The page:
1/ Do you know how big companies make decisions? They build scenarios and models on spreadsheets.
They do this because often the decision maker’s job is at stake, so all substantial decisions by that person require justification which is often to be had from numbers.
2/ It’s a myth that big companies don’t take risks. Introducing new products is risky and so is expanding into new geographies. In fact, all decisions are risky in a way. (If they weren’t, no decision is required as it’s simply obvious to all).
3/ Given that big companies take risks regularly, it’s a miracle that startups exist at all. After all, big companies are better resourced, have established brands, and are better capitalized than startups.
4/ So why do startups regularly keep popping up onto the scene and some of them even end up becoming big companies? That should be impossible, yet it’s a regular occurrence.
5/ The reason for this is that while big companies take risks, they hate uncertainty.
The difference between the two? Risk can be modeled and quantified on a spreadsheet, while uncertainty can’t.
6/ Uncertainty is when something is beyond quantification.
It’s what you feel when thinking about whether people will be ready to rent out their beds to strangers (AirBnB) or if anyone will ever buy a book without physically flipping its pages (Amazon).
7/ Big companies cannot model the market size of people buying books online because it’s completely uncertain (until a startup actually figures this out by actually doing it).
8/ And because key assumptions cannot be modeled, big companies won’t fund internal competitive projects until the uncertainty is fully resolved.
9/ Often by that time, the startup has become too big to kill as it would have developed its own moats.
10/ In this sense, uncertainty provides a cloud of fog that big companies systematically avoid.
11/ What if the uncertainty that a startup is pursuing is resolved before it develops moats?
This often happens with inventors or discoverers who show the world that something hard is possible, and then someone better resourced ends up eating their lunch.
12/ So, uncertainty about a key dimension of the business is good for a startup.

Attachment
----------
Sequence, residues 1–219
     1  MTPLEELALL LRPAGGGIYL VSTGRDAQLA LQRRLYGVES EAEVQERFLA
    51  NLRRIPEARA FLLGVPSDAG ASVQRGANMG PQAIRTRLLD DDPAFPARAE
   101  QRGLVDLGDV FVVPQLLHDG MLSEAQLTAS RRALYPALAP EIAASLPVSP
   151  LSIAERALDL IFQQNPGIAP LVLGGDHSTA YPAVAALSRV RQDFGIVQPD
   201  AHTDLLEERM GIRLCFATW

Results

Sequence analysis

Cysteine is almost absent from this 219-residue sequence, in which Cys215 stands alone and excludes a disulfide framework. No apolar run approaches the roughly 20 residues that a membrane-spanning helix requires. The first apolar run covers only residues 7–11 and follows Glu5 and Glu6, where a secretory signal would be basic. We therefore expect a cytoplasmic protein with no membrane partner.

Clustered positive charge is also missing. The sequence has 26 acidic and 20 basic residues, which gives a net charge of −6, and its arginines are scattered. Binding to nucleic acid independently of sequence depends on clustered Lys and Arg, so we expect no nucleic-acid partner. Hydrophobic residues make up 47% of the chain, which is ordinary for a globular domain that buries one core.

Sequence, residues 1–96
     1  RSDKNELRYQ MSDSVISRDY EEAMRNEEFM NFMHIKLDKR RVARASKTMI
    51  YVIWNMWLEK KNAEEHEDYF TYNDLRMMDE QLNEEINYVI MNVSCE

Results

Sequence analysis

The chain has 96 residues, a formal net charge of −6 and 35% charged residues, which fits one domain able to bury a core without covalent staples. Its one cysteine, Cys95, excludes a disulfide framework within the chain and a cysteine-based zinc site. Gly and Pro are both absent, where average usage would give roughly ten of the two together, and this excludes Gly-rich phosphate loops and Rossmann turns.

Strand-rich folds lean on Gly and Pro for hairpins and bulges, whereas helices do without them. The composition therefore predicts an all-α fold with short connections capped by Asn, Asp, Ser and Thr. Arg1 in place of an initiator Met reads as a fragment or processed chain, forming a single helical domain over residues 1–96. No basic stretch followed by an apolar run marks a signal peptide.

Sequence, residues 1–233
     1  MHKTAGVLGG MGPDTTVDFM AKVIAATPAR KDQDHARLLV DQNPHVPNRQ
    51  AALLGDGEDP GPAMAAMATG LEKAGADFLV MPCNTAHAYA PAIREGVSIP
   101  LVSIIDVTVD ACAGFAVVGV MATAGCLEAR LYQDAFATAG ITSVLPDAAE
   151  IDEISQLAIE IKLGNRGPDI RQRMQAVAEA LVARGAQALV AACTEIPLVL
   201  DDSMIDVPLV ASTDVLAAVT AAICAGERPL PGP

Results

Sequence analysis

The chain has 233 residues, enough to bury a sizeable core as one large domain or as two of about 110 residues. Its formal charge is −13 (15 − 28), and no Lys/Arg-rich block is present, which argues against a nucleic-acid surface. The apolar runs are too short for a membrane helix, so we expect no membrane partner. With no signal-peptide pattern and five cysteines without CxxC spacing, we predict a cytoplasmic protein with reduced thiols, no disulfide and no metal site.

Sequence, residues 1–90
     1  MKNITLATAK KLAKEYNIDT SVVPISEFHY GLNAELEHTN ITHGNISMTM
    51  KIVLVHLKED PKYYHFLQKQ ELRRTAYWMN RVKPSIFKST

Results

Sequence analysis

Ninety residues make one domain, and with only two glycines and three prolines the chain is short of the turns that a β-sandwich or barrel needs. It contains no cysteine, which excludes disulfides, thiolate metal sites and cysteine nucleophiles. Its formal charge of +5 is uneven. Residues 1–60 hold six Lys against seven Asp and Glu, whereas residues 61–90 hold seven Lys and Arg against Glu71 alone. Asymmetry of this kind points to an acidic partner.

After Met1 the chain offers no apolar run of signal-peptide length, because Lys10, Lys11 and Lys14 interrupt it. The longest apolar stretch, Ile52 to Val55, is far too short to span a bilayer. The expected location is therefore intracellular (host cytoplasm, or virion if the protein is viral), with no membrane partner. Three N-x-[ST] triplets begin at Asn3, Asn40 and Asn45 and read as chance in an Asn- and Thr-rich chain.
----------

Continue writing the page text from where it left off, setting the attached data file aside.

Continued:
If everything is obvious and known about your startup, you need to ask why is no one else eating this obvious source of value? Is it possible that you’re deluding yourself?
13/ An important caveat about uncertainty is that since startups are poorly resourced, having too many uncertainties is also not a good thing.
14/ Having one uncertainty is as good a deterrent as many, so a wise choice for an entrepreneur is to keep unknowns to a minimum (ideally just one).
15/ These unknowns can range from technology viability to market acceptance to revenue models or go to market approach, but which when resolved, works in favor of the startup.
16/ The idea of uncertainty as the fuel for startup success has all sorts of unintuitive implications.
17/ First, it explains why successful startups look like toys when they start.
It’s because successful startups have to feel unconventional. If they’re too obvious early on, competition will eat them up.
18/ Second, it explains why successful startups start by appealing to niche markets.
This is because, for the mainstream market, solutions to obvious problems are already being pursued by big companies.
19/ For example, there’s very little uncertainty in knowing that a higher mileage car will sell more and that’s why big companies continue to push fuel efficiency forward.
20/ Tesla, a startup, survived because it wasn’t certain how big a market was there for low-range, expensive cars that require a charger installation at home.
21/ Third, it also explains why startups often commercialize existing technology and don’t make fundamentally new inventions or discoveries themselves.
22/ That’s because if a new technology, once invented, is known to obviously be useful (like better fuel efficiency), it’s being pursued by big companies’ R&D departments.
23/ But if it’s not certain if a new technology will be useful, then no investor is willing to fund the double whammy of market and technology uncertainty.
24/ Sidenote: this is also why deep-tech startups have a lower odds of success than conventional tech startups. It’s because if a research area is well known to be important, deep-tech startups compete directly with thousands of researchers at better-resourced academic and industrial R&D labs.
25/ To sum up, the following aspects seem to make up the recipe for a successful startup:
- Large uncertainy about a key business dimension
- Uses existing technology
- Pursues a niche market
- Unconventional, “strange” offering
- Inferior current alternatives
- Builds strong moats while uncertainity is still unresolved
26/ If there are multiple uncertainties, how should an entrepreneur resolve them?
Prioritize the most significant ones early on, when the (opportunity and funding) cost to failure is the lowest.
28/ In fact, you can say that my essay is really a compilation of notes from Jerry’s blog.
I highly recommend you read it.
This essay is part of my book on mental models for startup founders.
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